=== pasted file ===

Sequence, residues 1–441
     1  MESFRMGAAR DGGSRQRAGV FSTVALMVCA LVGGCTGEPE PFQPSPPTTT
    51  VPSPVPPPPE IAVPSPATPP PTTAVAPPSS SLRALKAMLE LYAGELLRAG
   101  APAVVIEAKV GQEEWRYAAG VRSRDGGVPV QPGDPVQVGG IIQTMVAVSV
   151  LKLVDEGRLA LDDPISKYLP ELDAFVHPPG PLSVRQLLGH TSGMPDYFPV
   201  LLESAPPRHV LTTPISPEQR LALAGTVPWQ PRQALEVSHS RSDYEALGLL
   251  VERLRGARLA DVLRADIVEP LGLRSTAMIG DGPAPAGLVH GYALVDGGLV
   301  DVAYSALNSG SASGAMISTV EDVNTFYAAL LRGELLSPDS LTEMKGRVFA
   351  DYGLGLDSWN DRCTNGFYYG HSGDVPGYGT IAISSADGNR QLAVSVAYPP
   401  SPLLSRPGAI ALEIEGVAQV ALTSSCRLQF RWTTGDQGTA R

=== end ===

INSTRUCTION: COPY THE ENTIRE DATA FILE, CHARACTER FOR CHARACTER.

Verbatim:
Sequence, residues 1–441
     1  MESFRMGAAR DGGSRQRAGV FSTVALMVCA LVGGCTGEPE PFQPSPPTTT
    51  VPSPVPPPPE IAVPSPATPP PTTAVAPPSS SLRALKAMLE LYAGELLRAG
   101  APAVVIEAKV GQEEWRYAAG VRSRDGGVPV QPGDPVQVGG IIQTMVAVSV
   151  LKLVDEGRLA LDDPISKYLP ELDAFVHPPG PLSVRQLLGH TSGMPDYFPV
   201  LLESAPPRHV LTTPISPEQR LALAGTVPWQ PRQALEVSHS RSDYEALGLL
   251  VERLRGARLA DVLRADIVEP LGLRSTAMIG DGPAPAGLVH GYALVDGGLV
   301  DVAYSALNSG SASGAMISTV EDVNTFYAAL LRGELLSPDS LTEMKGRVFA
   351  DYGLGLDSWN DRCTNGFYYG HSGDVPGYGT IAISSADGNR QLAVSVAYPP
   401  SPLLSRPGAI ALEIEGVAQV ALTSSCRLQF RWTTGDQGTA R